sudo allows privilege escalation for non root users to perform restricted actions while in a locked down user environment.
root # emerge sudo
Instead of editing
/etc/sudoers, you may drop individual configuration files into the
The sudo configuration file is located @
/etc/sudoers. When editing this file be very careful to not introduce syntax errors. Several other linux distributions use
visudo to edit
user $ su -c 'nano /etc/sudoers'
/etc/sudoers- uncomment wheel group no password sudo
%wheel ALL=(ALL) NOPASSWD: ALL
Add your user to the wheel group to enable sudo:
user $ su -c 'gpasswd -a $USER wheel'
Either log out, and in again or restart:
user $ su -c 'shutdown -r now'
Disabling Root Access By Password
To better secure a system, one may desire to disable root logins by password.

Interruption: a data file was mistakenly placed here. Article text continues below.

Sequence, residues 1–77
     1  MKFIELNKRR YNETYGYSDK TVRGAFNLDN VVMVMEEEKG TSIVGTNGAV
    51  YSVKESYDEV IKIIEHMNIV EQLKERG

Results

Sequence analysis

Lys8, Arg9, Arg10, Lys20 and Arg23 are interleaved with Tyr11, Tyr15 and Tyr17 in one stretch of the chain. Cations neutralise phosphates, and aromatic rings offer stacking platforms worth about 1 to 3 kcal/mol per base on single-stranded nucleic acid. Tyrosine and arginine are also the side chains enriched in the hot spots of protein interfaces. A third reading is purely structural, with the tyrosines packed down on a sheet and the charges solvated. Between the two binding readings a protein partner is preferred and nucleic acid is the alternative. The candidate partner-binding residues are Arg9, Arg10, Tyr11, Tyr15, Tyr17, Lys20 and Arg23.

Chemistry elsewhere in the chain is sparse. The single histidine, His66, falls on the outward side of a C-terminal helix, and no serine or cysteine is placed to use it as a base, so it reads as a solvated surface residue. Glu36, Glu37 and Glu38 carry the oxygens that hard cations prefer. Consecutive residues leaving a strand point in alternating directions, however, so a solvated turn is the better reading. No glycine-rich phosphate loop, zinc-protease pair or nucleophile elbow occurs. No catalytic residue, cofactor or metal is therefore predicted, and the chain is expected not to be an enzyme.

user $ sudo passwd -ld root
to access root:
user $ sudo su
Root can also be accessed by logging in via ssh keys, or as a restricted user then sudo su as above.
Users that want bash completion with sudo need to run this once.
user $ echo "complete -cf sudo" >> $HOME/.bashrc
Passing Environment Variables
To pass environment variables to the temporary root use the -E flag.
user $ sudo -E echo 'hello world'
If your user has aliases you wish to use under sudo you must alias sudo with a space first:
user $ echo "alias sudo='sudo '" >> $HOME/.bashrc